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Grocery inflation in Canada: Documents show government efforts Achi-News

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Grocery inflation in Canada: Documents show government efforts


Achi news desk-

It was clear to the federal government as early as last fall that Loblaw and Walmart could hold onto the grocery code of conduct, jeopardizing the project’s success.

Documents obtained through access to information legislation shed new light on the federal government’s efforts to convince the two retailers to sign up to the grocer’s code of conduct, with cracks appearing in the months leading up to the House of Commons meeting where it said the grocers who could not. almost complete code signing.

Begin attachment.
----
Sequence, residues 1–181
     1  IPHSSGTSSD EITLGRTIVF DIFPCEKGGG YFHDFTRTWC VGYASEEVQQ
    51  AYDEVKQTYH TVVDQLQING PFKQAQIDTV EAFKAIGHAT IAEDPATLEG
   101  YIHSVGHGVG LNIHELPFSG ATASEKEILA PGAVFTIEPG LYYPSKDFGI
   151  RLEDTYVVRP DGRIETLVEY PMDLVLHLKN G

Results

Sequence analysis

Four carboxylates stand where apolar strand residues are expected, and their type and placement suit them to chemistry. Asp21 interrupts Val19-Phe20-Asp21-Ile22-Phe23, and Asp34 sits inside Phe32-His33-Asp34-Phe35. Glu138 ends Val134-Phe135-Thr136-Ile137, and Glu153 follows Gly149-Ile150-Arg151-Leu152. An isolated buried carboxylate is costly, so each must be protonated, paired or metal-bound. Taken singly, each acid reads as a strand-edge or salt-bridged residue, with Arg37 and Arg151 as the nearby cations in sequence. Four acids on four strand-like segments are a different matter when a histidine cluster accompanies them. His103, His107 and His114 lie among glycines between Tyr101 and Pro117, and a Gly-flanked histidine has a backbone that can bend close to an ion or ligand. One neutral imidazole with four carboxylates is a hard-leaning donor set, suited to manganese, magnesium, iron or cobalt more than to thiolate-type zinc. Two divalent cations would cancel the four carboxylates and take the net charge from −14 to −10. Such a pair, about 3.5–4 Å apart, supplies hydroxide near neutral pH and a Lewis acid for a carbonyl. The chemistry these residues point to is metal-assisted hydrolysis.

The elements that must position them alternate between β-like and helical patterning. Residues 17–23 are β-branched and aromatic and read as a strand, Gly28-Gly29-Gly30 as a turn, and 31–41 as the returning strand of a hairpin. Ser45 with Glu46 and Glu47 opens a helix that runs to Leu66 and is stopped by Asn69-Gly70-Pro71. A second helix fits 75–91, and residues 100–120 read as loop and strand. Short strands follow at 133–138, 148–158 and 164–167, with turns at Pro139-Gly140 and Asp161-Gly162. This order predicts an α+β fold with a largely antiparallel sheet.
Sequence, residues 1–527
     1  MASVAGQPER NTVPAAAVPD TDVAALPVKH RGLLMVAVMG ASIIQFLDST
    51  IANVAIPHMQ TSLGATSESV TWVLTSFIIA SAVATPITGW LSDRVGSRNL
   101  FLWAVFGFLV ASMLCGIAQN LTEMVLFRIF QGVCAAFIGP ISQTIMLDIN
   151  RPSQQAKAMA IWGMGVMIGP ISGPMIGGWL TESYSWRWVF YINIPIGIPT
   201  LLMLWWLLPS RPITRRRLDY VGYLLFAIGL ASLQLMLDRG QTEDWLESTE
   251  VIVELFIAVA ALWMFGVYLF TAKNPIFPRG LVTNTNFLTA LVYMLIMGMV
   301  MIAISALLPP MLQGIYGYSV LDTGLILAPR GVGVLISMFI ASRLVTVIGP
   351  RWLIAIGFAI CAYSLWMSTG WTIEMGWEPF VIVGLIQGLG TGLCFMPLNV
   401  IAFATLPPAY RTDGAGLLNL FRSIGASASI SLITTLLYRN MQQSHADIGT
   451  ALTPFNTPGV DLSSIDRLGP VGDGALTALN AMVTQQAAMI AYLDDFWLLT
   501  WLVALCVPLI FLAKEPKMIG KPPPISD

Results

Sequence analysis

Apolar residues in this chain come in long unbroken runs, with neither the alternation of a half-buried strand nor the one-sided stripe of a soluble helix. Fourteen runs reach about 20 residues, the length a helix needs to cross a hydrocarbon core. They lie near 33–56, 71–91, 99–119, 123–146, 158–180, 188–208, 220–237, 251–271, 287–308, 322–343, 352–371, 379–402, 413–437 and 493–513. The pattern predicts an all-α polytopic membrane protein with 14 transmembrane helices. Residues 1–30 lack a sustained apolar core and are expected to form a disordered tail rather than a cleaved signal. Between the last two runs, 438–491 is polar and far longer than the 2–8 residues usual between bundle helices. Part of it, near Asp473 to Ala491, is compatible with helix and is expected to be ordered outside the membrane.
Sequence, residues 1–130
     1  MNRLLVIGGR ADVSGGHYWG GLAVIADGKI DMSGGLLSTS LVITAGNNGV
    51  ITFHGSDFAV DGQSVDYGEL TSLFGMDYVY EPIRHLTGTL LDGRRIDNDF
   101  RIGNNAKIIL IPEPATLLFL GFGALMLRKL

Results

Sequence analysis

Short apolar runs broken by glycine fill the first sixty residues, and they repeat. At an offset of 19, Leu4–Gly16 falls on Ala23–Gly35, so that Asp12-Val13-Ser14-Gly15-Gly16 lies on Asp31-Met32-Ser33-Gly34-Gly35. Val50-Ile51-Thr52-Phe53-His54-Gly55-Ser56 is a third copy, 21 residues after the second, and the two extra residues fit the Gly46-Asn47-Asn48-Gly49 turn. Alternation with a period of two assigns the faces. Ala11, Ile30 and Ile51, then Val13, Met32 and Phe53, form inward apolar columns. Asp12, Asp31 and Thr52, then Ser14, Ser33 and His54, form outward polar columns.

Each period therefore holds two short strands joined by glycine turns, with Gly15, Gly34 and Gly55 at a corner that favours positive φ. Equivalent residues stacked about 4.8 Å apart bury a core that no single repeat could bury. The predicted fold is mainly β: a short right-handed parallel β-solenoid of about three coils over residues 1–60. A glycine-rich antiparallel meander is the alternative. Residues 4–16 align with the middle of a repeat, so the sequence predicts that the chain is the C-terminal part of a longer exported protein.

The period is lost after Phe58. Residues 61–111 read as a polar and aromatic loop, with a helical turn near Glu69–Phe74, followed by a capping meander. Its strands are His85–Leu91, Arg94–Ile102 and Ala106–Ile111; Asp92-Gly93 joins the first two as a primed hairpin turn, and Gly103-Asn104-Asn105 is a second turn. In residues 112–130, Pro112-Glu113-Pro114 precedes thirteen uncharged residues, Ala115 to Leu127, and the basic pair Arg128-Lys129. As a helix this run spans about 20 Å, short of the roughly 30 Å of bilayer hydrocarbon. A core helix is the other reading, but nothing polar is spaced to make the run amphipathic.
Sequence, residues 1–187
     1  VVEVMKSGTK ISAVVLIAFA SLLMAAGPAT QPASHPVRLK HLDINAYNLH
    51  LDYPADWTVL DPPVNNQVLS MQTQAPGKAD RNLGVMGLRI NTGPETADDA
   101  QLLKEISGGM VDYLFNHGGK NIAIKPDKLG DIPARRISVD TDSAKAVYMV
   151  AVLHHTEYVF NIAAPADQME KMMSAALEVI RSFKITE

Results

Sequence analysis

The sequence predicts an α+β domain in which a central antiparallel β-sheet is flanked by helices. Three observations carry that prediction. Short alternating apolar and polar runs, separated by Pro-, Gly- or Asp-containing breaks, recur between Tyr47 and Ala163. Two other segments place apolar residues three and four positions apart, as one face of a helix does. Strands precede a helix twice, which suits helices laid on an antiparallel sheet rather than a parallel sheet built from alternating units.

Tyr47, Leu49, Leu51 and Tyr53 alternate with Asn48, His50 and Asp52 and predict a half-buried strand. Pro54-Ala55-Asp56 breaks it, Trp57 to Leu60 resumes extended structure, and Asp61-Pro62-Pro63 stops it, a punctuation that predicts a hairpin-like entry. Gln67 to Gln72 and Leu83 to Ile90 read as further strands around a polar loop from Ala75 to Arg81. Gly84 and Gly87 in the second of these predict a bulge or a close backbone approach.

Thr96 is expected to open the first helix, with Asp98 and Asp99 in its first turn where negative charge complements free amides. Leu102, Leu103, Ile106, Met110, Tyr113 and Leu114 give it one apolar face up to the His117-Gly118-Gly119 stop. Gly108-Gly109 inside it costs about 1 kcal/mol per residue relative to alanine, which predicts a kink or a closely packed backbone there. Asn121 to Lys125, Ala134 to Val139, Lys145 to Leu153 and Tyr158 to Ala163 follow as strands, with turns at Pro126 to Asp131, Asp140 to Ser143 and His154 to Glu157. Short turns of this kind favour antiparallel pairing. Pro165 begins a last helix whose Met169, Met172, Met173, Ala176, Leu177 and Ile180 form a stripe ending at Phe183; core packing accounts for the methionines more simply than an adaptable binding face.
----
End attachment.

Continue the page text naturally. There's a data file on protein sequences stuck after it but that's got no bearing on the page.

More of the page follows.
“There are ongoing federal efforts to seek commitment from key players, including major retailers such as Walmart and Loblaws, to participate in the code,” read a briefing note prepared on September 22 for a meeting between federal agriculture and the agri-food minister Lawrence MacAulay and Quebec agriculture and food minister André Lamontagne.

The document, obtained through the Access to Information Act, says the participation of some of the largest retailers – namely Loblaw and Walmart – “is still to be determined.”

The code of conduct is intended to set out agreed rules for negotiations between industry players, including retailers and suppliers. It would also include a dispute resolution process.